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Share gain likely if NZME merger approved

NZ Newswire logoNZ Newswire 1/05/2017 Jonathan Underhill

NZME shares are likely to rally if the Commerce Commission approves its merger with Fairfax Media's New Zealand unit this week.

But if the deal is shot down the stock may not fall as much, says Sydney-based Forager Funds Management, which owns 9.1 per cent of the newspaper and radio group.

The antitrust regulator will announce on Wednesday whether it will allow a merger between the country's two dominant newspaper publishers, having indicated in its draft decision last November that it wouldn't allow it.

It said at the time that such a transaction would "result in an unprecedented level of media concentration for a well-established liberal democracy" with the potential loss of multiple media voices.

Since then both NZME and Fairfax have worked hard to convince the commission otherwise.

They have argued, among other things, that they have ended up as minnows in their own advertising markets because of the inroads of global giants Google and Facebook, which between them now control the lion's share of New Zealand's digital advertising market.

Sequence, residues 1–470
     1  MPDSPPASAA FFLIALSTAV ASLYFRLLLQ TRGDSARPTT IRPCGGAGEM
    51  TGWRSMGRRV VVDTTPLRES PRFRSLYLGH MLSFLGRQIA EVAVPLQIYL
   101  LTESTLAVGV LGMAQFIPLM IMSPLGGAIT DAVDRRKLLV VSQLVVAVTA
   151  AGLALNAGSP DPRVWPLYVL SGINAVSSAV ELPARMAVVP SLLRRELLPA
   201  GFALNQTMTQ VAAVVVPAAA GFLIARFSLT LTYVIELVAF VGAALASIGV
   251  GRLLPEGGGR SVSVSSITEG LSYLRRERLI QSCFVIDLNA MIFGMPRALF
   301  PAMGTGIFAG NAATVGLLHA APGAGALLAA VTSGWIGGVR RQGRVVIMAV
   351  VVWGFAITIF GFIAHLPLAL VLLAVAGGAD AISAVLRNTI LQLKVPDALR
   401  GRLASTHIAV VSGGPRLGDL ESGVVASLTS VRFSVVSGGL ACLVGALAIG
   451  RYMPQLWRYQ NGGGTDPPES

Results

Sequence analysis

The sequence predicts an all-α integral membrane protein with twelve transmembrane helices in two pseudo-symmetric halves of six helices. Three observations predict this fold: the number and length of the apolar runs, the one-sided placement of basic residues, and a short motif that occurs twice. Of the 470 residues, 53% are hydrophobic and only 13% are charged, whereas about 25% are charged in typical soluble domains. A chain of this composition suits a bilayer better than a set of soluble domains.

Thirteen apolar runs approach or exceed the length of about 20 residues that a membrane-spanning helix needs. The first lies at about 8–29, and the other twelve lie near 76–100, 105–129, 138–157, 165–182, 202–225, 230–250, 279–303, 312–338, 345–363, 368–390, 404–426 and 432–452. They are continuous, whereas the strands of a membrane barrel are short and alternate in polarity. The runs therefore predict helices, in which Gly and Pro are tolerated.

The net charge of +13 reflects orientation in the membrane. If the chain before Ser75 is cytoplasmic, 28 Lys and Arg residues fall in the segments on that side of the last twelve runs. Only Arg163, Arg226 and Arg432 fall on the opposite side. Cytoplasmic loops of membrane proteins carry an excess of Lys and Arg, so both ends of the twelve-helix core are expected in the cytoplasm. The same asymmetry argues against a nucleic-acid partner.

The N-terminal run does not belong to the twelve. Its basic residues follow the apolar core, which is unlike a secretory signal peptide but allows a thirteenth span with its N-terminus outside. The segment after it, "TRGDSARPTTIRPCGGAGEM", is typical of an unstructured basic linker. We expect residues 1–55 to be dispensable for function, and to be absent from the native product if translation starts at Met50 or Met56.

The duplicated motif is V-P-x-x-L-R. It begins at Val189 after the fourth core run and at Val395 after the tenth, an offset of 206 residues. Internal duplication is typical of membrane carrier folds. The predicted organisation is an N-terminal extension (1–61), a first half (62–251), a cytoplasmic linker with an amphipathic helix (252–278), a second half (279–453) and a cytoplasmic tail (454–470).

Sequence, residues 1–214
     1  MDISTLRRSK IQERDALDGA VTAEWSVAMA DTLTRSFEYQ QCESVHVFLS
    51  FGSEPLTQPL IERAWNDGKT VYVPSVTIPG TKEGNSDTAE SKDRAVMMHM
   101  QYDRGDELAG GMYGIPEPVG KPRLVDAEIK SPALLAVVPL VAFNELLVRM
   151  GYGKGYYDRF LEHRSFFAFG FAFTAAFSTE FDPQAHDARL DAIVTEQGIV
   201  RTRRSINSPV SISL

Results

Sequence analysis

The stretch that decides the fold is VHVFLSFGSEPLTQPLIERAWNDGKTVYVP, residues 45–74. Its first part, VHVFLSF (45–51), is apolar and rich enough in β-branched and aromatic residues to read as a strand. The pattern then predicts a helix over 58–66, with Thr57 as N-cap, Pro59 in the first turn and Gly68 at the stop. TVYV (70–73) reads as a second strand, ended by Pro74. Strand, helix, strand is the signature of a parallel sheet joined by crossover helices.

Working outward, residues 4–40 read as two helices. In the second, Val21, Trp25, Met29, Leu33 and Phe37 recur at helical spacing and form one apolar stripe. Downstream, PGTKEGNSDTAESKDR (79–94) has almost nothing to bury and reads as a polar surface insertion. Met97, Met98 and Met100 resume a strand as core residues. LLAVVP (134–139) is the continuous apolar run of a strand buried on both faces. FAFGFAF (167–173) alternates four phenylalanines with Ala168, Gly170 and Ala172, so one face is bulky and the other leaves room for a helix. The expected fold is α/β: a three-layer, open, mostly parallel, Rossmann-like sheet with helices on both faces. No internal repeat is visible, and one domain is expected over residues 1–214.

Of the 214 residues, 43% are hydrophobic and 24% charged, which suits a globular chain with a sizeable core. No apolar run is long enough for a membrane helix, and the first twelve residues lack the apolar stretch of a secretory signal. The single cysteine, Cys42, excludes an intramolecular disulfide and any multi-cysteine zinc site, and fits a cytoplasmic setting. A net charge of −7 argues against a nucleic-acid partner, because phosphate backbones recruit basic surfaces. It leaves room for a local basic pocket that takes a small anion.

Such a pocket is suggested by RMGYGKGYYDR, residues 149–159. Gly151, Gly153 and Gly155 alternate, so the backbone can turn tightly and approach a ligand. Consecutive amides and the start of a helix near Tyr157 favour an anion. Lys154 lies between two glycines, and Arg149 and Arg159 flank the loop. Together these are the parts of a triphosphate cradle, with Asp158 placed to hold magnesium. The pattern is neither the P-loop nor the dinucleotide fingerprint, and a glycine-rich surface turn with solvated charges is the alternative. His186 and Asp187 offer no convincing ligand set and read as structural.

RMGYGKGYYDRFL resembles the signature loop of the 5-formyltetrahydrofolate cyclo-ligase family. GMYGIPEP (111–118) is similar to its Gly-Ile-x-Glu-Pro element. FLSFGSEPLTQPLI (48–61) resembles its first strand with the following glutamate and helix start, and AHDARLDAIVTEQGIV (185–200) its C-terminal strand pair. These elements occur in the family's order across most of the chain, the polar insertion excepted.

NZME shares rose 3.5 per cent to 90 cents on Monday. It listed at $1 last June and since then has ranged between 99c and 49c on the NZX.

Daniel Mueller, a senior analyst at Forager, says the fund manager picked up its shares at below current levels when "there was not much in the price for the merger being given the green light".

"If the merger does go ahead there's a lot more upside than if it does not," he said. "It is an asymmetric payoff."

The NZME business was spun off from APN News & Media as a pure-play New Zealand media company, with assets including the flagship New Zealand Herald newspaper, a portfolio of radio stations including Newstalk ZB and the GrabOne daily deals site.

Because the two companies are already sharing printing and distribution, the majority of cost savings would probably come from cutting sales and editorial staff.

Fairfax Media chief executive Greg Hywood said at a Commerce Commission conference in December that unless the merger was allowed, it would become "endgame" for the company's New Zealand assets.

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